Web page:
Nature Tattoos

Something you can’t see in my LinkedIn profile picture is my enormous lion tattoo. Or my peace sign tattoo. Or my yin yang, or my sand dollar, or my sun, or my tweety bird. Each one has a special meaning to me, but above all they are signs of my passion for all things nature. In this post I will be taking a break from my science-heavy articles to entertain you with some super cool inks from my friends.

husky mix tattoo Continue reading

In a Flash

Multi-stage flash water desalination is a process that turns saltwater into drinkable water. Abbreviated as MSF, this process works by using heat exchangers and condensers to turn water into steam, and then back into water. While this method is unfamiliar in the United States, it is the most common drinking water treatment in Saudia Arabia and other desert biomes such as Kuwait and United Arab Emirates.

cq5dam-web-1082-547

Image of Saudi Arabia from KPMG.

Continue reading

Kernza

50 years pass before intermediate wheatgrass typically experiences die-off. 3 years into its lifespan, the plant infamously stops seeding but continues to grow. 25 years or more could pass before geneticists discover a natural variation of the plant with enough yield to be competitive. These were the numbers spinning around in my head as I took in all the information from researchers at this year’s conference on Kernza.

holding kernza in an experimental crop field in kansas

Holding Kernza in an experimental crop field in Kansas.

Continue reading

When the Cat’s Away: Pumas in the Eastern United States – Part 1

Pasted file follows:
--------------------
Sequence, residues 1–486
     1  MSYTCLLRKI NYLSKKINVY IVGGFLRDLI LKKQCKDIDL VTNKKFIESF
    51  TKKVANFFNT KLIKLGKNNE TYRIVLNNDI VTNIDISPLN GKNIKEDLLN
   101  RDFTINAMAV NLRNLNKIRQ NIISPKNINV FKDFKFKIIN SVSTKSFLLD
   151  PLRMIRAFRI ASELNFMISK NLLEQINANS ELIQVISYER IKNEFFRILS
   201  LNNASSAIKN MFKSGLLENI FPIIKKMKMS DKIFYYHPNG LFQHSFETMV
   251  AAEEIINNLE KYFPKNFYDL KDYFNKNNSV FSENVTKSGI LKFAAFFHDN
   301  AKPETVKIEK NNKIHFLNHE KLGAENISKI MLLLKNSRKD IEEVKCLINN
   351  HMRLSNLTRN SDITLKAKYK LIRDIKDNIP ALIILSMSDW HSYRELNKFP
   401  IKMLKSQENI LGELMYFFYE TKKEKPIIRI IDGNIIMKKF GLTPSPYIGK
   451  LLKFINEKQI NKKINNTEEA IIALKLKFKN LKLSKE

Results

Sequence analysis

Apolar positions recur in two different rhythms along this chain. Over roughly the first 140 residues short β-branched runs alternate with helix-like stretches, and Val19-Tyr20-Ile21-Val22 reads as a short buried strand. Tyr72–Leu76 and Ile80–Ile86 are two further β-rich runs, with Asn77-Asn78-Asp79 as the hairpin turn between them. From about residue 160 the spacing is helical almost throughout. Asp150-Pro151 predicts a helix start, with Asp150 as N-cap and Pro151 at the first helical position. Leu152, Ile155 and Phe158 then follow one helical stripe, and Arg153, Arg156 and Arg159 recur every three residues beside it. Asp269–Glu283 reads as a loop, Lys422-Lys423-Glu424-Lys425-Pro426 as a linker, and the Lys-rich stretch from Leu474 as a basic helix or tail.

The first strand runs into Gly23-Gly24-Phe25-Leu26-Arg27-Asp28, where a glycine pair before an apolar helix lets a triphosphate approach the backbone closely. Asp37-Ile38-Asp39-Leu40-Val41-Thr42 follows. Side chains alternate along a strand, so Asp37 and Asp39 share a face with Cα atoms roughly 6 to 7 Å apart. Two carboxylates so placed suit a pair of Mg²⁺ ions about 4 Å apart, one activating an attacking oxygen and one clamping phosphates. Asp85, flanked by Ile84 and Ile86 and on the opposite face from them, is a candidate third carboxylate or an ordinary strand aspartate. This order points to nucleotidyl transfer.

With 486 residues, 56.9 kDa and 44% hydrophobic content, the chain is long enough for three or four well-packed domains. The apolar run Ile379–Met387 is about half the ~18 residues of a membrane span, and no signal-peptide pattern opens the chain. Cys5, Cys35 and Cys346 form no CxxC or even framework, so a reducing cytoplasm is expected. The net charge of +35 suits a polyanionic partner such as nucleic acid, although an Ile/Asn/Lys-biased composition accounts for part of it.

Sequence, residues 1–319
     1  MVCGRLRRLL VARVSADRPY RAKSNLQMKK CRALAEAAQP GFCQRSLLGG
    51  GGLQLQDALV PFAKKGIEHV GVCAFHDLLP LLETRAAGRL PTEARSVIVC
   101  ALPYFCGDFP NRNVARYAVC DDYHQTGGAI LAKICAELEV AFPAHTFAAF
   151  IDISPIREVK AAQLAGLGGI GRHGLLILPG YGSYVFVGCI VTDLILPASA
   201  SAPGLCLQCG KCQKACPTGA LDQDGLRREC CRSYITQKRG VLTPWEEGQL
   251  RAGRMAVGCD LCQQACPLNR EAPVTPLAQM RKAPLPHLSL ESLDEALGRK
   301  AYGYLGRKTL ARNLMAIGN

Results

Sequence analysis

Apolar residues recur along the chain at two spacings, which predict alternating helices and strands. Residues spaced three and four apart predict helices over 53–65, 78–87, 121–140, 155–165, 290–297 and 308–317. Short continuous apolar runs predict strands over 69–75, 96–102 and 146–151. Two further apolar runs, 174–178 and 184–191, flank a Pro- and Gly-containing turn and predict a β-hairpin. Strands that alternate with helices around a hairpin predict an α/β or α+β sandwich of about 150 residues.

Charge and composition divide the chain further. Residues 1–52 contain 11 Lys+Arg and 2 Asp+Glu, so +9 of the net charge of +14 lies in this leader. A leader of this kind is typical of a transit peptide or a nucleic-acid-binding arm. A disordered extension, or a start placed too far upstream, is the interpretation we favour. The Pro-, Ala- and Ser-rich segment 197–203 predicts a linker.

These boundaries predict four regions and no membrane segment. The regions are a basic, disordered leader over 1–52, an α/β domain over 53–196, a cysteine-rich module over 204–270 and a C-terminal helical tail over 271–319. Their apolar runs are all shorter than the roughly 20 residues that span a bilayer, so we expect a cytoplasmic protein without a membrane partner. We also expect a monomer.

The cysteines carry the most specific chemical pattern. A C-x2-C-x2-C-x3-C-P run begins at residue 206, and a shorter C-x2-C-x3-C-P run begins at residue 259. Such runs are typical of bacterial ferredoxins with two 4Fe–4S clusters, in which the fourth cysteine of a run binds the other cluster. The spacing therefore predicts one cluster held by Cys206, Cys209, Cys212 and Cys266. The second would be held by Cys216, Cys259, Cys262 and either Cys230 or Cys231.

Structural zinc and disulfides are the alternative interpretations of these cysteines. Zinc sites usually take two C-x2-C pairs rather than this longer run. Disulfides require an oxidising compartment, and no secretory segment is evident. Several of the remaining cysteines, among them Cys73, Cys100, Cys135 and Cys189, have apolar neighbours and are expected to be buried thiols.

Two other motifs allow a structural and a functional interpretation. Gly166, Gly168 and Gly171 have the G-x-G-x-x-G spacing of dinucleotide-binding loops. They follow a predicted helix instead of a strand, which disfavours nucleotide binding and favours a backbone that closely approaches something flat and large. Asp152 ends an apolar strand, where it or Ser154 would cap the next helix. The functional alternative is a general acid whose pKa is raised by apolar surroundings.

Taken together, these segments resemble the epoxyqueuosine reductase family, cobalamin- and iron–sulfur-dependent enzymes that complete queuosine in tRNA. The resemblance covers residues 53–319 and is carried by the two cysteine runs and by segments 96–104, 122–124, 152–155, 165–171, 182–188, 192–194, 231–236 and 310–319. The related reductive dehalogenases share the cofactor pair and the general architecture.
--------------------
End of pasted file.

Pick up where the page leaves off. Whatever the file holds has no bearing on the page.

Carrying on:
Check out my guest post on The Jaguar!

The Jaguar

Despite its adaptability, the puma (AKA mountain lion, cougar, or Florida panther) has been extirpated from the eastern two-thirds of the United States. Mountain Lion by Forest Service Northern Region. CC BY 2.0

Introduction

The following is a guest post from Jessica Turner, whom you may remember from this Q&A. It is the first installment in a two-part series about pumas (Puma concolor) in the eastern United States.

This post deals with the extirpation of pumas in the eastern two-thirds of the U.S., and some of the controversy surrounding the existence of a distinct eastern subspecies. Part 2 of this series will be written by me, and it will be released as a guest post on Jess’ blog sometime in the future.

When the Cat’s Away: Part 1

By Jess Turner, author of Definearth

This blog is the first in a two-part series about the recently delisted…

View original post 593 more words

Sustainable Cities

black and white bikes

There’s a better chance at winning the lottery than finding a bike spot in Madison.

Whether or not bicyclists obey the bike light installed on the bike path near my apartment is up for debate. What’s important is that it’s there. As a new resident of a bustling city, I got to thinking what makes one place more sustainable than another. Determining factors of a sustainable city will vary depending on who you ask. If you ask me, an eco-friendly city needs these things: Continue reading